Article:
The corruption allegations were extensively--and colorfully--discussed in a public document. The Ferris landfill was of special interest to Dallas citizens because officials here had claimed its expansion might bar construction of a long-sought cargo airport in nearby Lancaster by attracting birds that would pose an air-safety hazard.
Yet the News followed up with not a single word about the story--for about three weeks.
Then, the Austin American-Statesman published a copyrighted story reporting the very same allegations, based on the very same affidavit. The story was sweetened slightly by the additional news that FBI agents were questioning state officials about whether Waste Management had pressured them to approve the landfill expansion.
The Associated Press picked up the story. And the News suddenly deemed it newsworthy.
It appeared in the December 4 News, beneath an AP byline and a headline quite similar to one in the Observer more than three weeks earlier: "FBI investigating landfill company." And the News credited the Austin daily.
Using the wire services to sanitize a story broken by a competitor is an old trick in the newspaper business--it's the journalistic equivalent of money laundering.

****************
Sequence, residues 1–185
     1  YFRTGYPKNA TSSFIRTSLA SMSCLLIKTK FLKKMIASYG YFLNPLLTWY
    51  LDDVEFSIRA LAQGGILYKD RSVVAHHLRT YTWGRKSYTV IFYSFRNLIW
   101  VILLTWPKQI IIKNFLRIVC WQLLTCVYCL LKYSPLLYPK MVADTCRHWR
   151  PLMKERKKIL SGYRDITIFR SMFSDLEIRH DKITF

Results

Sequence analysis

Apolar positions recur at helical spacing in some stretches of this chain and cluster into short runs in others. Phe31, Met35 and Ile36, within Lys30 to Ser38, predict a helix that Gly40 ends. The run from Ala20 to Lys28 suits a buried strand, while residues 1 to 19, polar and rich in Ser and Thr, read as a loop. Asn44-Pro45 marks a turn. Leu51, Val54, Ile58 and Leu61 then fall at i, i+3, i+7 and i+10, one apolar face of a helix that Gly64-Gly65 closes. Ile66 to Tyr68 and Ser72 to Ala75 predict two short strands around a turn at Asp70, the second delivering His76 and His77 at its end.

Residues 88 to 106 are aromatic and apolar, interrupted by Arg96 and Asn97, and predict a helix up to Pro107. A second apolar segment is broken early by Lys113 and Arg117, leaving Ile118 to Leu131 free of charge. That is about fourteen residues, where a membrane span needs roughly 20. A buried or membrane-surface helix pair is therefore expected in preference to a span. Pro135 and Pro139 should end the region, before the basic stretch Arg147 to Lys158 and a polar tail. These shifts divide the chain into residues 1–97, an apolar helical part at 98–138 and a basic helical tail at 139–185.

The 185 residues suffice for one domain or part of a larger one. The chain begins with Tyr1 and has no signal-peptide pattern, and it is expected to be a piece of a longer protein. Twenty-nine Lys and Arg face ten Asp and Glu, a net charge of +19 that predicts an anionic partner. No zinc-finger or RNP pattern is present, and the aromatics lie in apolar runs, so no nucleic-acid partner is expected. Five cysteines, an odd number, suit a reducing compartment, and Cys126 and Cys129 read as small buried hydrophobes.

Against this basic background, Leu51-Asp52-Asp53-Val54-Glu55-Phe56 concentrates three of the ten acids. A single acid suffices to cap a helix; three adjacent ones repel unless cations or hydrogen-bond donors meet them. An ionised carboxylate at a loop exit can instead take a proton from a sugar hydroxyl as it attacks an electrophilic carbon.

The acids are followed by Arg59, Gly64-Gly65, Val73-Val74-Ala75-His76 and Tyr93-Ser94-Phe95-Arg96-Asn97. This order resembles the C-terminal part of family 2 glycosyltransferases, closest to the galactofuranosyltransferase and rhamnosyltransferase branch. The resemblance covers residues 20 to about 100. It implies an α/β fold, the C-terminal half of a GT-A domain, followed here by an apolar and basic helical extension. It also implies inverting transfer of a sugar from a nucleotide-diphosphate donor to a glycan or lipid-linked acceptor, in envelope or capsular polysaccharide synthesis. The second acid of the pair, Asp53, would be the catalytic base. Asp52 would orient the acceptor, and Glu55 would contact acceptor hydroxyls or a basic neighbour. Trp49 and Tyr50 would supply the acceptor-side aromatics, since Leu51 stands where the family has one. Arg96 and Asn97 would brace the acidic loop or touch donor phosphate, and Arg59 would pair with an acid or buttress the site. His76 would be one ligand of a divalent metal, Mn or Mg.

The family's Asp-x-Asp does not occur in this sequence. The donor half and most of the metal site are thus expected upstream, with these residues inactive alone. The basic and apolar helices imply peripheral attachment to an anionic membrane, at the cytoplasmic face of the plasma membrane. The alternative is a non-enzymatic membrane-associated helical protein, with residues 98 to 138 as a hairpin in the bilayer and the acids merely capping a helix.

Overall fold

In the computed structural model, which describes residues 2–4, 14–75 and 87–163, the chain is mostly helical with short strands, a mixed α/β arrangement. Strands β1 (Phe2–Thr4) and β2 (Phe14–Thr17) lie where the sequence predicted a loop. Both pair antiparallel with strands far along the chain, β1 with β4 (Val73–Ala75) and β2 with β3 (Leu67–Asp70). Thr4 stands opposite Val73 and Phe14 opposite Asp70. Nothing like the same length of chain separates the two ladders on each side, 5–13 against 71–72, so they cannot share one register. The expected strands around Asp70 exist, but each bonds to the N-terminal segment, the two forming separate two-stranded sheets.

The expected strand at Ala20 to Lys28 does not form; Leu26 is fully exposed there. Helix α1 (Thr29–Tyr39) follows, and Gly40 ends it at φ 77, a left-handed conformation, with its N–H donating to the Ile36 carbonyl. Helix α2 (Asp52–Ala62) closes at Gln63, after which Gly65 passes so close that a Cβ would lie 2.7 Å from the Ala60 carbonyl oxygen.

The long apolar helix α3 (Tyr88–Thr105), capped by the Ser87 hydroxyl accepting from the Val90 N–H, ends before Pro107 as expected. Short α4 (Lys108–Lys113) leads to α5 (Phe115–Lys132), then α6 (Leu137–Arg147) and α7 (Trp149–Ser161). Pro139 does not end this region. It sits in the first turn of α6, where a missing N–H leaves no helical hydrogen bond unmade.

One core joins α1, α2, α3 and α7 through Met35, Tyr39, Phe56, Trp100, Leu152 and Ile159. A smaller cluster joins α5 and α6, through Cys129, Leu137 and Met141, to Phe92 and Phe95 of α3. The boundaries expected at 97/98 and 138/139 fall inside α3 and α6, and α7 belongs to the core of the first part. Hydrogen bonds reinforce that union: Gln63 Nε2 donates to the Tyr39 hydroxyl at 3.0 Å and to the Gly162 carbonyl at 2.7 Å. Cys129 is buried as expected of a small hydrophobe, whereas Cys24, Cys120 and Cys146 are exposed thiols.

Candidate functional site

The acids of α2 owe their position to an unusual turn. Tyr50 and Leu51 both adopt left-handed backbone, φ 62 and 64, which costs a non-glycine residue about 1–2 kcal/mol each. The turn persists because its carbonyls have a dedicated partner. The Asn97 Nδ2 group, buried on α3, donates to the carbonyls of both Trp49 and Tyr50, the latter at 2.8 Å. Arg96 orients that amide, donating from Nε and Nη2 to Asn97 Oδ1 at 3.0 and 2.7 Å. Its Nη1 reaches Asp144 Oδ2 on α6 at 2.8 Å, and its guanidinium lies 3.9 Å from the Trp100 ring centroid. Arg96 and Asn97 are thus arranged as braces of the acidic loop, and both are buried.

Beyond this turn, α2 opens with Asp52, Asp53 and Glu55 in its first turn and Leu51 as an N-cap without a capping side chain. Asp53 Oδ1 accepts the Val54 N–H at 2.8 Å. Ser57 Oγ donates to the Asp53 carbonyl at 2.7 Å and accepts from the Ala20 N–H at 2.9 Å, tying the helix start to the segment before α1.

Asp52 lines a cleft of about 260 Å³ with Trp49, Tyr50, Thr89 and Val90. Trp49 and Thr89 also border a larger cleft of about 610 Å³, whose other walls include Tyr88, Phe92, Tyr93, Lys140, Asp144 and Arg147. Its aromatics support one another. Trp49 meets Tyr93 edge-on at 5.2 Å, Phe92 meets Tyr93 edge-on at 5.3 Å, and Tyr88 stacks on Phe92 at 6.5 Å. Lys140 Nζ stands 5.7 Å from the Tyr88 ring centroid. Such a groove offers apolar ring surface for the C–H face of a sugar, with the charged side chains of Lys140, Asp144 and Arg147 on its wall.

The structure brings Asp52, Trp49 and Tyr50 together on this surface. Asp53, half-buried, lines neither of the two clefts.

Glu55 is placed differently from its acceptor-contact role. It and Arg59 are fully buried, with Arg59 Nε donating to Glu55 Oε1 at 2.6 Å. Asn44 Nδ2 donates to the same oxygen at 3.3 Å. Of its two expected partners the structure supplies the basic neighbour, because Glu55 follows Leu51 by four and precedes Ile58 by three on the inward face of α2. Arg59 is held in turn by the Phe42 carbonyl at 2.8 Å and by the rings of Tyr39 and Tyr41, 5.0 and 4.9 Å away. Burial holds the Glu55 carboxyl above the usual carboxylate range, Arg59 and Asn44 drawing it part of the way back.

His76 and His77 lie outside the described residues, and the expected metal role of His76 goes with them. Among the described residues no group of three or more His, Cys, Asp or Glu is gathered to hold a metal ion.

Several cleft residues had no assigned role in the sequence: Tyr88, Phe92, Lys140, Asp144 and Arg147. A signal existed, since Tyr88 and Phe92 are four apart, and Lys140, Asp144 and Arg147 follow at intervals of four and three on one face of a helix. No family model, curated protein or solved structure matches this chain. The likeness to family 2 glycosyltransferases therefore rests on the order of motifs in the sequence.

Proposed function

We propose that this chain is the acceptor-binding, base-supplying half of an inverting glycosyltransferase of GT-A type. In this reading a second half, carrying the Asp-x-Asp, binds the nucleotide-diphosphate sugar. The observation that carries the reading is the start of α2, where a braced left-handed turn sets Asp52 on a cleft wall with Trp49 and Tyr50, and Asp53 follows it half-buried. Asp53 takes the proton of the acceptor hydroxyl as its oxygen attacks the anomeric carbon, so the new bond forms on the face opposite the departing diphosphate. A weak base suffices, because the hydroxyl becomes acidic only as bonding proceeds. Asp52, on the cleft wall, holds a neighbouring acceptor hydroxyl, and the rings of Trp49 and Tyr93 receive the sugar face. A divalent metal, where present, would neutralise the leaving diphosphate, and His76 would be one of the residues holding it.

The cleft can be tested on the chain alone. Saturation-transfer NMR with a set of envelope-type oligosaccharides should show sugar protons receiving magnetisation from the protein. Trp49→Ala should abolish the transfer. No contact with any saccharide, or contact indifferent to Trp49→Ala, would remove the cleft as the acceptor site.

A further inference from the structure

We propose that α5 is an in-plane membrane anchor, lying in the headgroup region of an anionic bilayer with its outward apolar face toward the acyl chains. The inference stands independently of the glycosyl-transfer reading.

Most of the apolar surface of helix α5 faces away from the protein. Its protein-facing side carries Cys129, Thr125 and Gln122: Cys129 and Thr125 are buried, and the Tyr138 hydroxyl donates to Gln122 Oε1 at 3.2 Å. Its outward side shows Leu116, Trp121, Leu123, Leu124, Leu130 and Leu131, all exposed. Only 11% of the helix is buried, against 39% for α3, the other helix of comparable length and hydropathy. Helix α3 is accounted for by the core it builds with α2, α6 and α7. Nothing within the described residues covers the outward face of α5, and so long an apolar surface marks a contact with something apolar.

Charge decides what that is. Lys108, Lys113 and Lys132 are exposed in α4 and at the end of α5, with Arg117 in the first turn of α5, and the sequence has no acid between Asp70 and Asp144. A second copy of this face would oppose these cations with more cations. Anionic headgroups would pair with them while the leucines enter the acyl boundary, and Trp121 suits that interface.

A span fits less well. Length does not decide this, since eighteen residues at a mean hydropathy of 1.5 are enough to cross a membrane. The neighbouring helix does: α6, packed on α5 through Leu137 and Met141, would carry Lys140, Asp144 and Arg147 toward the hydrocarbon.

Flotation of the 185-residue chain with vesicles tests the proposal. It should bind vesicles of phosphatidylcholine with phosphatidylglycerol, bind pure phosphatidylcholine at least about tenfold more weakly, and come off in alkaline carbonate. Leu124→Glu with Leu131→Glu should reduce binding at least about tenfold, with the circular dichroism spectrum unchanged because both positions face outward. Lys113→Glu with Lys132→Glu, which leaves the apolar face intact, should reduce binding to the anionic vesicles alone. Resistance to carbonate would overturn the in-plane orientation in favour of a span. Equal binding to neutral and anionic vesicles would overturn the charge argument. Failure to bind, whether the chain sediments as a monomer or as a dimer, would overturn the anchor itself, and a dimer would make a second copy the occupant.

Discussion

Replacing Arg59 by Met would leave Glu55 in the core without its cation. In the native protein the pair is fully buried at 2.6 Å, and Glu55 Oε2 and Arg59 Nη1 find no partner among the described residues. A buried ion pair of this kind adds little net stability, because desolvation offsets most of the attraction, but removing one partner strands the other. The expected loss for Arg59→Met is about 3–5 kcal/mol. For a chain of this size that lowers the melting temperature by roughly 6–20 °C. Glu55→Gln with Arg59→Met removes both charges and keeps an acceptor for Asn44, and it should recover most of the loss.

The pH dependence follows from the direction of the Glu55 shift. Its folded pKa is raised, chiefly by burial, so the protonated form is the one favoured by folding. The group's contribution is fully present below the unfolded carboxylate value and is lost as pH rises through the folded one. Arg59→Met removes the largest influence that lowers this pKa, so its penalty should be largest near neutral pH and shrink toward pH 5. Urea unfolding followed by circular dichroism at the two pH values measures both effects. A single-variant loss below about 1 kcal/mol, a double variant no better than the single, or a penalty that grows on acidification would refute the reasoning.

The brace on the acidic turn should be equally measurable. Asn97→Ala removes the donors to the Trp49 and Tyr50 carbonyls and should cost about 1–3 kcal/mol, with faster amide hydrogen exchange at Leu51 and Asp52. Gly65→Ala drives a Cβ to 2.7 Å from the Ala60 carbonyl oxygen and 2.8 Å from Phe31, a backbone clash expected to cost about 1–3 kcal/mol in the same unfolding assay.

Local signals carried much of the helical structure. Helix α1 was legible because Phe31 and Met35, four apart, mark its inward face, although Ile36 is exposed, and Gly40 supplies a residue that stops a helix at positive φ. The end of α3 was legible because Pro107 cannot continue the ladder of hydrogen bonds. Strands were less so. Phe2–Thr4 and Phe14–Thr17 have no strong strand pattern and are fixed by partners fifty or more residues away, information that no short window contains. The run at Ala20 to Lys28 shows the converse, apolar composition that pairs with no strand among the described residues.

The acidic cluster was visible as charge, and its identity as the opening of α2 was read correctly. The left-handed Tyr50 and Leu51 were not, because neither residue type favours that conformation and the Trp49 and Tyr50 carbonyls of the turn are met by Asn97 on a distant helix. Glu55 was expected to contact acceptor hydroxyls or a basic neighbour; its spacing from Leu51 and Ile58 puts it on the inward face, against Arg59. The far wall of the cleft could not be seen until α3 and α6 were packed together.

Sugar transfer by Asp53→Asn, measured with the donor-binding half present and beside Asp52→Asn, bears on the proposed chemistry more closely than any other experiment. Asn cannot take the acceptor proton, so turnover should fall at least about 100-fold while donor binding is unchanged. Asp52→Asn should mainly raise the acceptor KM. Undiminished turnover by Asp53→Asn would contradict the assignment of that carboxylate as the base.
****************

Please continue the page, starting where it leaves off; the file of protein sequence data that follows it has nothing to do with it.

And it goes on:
Pretending a newsworthy story doesn't exist is also exceedingly petty, not to mention a disservice to readers, who might expect their paper of record to report the news promptly--even if it first appears in the Dallas Observer.
"Welcome to Pig Park--A desolate piece of Dallas has become a haven for the memories and dreams of inner-city urban cowboys."
--Headline, Dallas Observer cover story, by Julie Lyons, January 27, 1994
"Bucking the mean streets--Youngsters build grit amid urban grime at southeast Dallas rodeo."
--Headline, Dallas Morning News page 1 story by Bill Minutaglio, Sunday, December 11, 1994
Come to think of it, the News doesn't always ignore Observer stories.
Sometimes they just rip them off.